When Shih T’ai of Wei died, he had no rightful heir, but six illegitimate sons.
They divined, who would be the successor, and made out that bathing and the wearing of gems would afford an omen.
Five of the sons took a bath, and adorned themselves with precious stones, but Shih Ch’i Tse said, “Who, being in mourning for a parent, can bathe and wear gems?” Hence he did not bathe, nor wear any gems.
It was he who hit the omen, and became the successor.
In the Warring States period, there was a man of the state of Chao named Lin Hsiang-ju (蔺相如); he was employed by the king of Chao and handled the affairs of the land.
The minor state of Chao had for generations possessed an unusual jade disc, made from the Ho jewel. The king of the powerful state of Ch’in heard of the disc and offered to trade fifteen cities for it. Chao, a militarily weak state, could not refuse and sent Lin Hsiang-ju with the disc to the Ch’in King.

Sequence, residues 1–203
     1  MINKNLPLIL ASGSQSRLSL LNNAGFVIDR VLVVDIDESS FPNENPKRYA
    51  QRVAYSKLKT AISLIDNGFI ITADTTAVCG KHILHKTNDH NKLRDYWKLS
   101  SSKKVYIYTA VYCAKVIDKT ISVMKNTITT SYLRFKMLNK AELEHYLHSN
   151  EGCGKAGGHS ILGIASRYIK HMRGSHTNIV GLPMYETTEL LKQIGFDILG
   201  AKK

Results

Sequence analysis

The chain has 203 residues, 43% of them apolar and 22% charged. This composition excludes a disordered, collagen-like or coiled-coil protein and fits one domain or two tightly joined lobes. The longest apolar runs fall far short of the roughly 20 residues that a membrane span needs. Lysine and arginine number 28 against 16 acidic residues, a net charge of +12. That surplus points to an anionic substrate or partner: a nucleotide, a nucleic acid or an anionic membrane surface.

Hsiang-ju, however, perceived that the king had no real intention of ceding fifteen cities and said to the king, “The jewel has a flaw. if you will give it to me, I will show you where it is.”
Once he had the jewel back in his hands, he backed himself up against a pillar and threatened to smash the disc against the pillar if the king did not follow proper ritual, fast and purify himself for five days, and honestly offer the fifteen cities. The king promised to do so.
While waiting for the king to complete five days of preparation, Hsiang-ju sent one of his attendants dressed in disguise back to Chao via a secret route with the disc.
On discovering this, the king of Ch’in reluctantly agree with Hsiang-ju that killing him would not bring back the disc and so released him.
完璧归赵, From Shih-chi, Cha81, Translated by Yang and Yang 1979
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